Did you know that PUC-Rio hosted the first computer installed in Brazil? Learn a bit more about our history:
The Burroughs Datatron B-205 arrived in Brazil by an effort of a consortium that included CNPq (Brazilian research funding agency), IPqM (Research Institute of the Brazilian Navy) and the foreign office Itamaraty, which brought it to PUC-Rio, chosen for its academic excellence. The computer was put in the Rio Data Centro (RDC) building. At the inauguration ceremony many important people of the time, such as president Juscelino Kubitschek, were present
A large room had to be used to house the computer, as it weighed approximately a ton and contained 1,600 double triode valves, a huge set of solid state diodes, resistors and capacitors that together consumed 30 kVA of power. To keep it running smoothly, a powerful air conditioning system had to be installed in the RDC building.
Other highlights of the large computer were the amount of memory that it had, 4 thousand words of 10 decimal digits, very much for that time, and the fast basic operations. For example, a simple sum, took 0.1 milliseconds, which was surprisingly fast for the time. Basic output, i.e. printing, could be done in two ways: a hammer typewriter or an IBM tabulating printer that printed 60 lines of 80 numeric characters per minute.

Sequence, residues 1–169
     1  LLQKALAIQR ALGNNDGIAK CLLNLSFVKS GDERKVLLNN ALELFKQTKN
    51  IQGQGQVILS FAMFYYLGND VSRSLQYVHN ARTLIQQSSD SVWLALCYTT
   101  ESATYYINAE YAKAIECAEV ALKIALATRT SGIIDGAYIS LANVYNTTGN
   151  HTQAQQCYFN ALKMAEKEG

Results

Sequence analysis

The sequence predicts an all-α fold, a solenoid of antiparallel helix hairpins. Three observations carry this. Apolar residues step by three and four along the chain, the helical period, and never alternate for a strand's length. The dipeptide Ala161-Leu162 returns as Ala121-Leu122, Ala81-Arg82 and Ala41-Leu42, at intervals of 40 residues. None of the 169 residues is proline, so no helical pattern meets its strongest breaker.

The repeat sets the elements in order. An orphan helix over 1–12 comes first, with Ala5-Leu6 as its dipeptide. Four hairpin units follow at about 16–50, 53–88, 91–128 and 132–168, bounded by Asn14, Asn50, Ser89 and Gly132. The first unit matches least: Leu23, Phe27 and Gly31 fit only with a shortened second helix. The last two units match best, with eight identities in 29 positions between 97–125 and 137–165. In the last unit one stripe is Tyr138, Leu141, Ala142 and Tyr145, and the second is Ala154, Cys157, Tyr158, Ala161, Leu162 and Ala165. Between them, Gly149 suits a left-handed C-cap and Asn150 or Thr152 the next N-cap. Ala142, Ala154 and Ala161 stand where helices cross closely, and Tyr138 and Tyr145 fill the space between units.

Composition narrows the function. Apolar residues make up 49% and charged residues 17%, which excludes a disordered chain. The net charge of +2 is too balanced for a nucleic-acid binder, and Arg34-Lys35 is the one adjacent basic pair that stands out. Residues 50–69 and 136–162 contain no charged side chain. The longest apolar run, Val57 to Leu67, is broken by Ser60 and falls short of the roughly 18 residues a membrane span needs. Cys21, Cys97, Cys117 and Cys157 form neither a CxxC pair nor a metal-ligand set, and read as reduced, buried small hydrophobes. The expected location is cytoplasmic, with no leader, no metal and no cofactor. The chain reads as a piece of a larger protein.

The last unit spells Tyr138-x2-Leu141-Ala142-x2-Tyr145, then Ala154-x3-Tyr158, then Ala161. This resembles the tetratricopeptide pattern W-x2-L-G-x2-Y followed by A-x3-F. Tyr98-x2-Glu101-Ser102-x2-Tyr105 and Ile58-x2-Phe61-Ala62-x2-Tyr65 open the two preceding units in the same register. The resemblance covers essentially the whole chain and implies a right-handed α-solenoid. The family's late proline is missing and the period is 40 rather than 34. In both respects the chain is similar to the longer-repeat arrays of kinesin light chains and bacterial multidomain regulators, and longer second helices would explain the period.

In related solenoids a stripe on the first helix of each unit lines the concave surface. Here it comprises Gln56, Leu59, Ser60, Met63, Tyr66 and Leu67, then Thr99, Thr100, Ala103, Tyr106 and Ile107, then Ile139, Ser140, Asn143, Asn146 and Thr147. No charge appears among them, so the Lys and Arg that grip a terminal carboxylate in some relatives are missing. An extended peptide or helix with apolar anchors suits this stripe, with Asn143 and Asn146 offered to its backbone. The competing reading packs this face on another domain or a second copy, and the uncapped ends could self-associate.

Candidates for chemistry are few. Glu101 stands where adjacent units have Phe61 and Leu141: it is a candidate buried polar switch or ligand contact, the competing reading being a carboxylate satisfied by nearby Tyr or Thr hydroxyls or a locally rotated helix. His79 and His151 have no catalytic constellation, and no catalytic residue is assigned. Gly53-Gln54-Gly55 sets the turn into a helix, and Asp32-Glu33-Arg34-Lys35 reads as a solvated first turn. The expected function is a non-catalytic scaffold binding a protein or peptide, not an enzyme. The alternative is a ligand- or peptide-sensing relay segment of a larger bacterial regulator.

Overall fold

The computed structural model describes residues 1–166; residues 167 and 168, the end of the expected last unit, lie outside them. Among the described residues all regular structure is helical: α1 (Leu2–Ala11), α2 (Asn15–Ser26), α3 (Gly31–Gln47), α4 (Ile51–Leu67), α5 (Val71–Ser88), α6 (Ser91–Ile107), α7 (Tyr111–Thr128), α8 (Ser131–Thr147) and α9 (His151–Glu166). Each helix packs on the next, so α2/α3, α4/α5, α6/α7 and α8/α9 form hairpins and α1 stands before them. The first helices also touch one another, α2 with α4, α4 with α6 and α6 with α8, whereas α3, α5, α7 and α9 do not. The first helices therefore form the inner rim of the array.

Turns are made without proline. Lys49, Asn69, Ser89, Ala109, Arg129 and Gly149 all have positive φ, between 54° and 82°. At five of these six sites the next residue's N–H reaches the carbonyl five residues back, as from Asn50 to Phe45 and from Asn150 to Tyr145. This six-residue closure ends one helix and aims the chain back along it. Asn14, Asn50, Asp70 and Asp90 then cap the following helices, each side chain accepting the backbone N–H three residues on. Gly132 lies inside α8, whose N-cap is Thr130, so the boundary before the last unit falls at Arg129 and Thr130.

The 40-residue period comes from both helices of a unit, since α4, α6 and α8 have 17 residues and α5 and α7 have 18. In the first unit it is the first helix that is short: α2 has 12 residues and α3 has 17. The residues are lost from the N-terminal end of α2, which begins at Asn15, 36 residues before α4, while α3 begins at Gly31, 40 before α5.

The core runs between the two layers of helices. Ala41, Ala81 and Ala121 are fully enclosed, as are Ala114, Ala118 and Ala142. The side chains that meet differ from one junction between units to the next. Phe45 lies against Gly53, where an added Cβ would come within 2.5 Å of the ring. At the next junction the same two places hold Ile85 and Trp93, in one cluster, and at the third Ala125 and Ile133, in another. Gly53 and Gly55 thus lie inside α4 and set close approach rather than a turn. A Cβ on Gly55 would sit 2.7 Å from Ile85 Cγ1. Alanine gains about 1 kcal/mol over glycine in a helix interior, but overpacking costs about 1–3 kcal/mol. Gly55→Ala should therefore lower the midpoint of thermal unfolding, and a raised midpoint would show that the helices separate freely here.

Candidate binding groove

This first computer cost about one million dollars. Today, it is estimated that this would be equivalent to about US$10 million, which shows the importance of the equipment for the time. To use it, users had to make an appointment, sometimes days in advance, as the Burroughs B-205 was only capable of running one user job at a time.
It was from the prominence of PUC-Rio’s Rio Data Center (RDC), created to host and operate the Burroughs B-205 and later several other mainframes that followed it until the 1980s, that the Departamento de Informática (DI) was created in 1965, with the main objective to train people to program computers and start the development of the area of “Computer Science”. And from this uncertain and adventurous beginning, the first Brazilian graduate courses in computing emerged. As a side part, the creation and naming of the Department is said to have had a nice side-product: it coined the term Informatica, until then non-existent in the Portuguese language.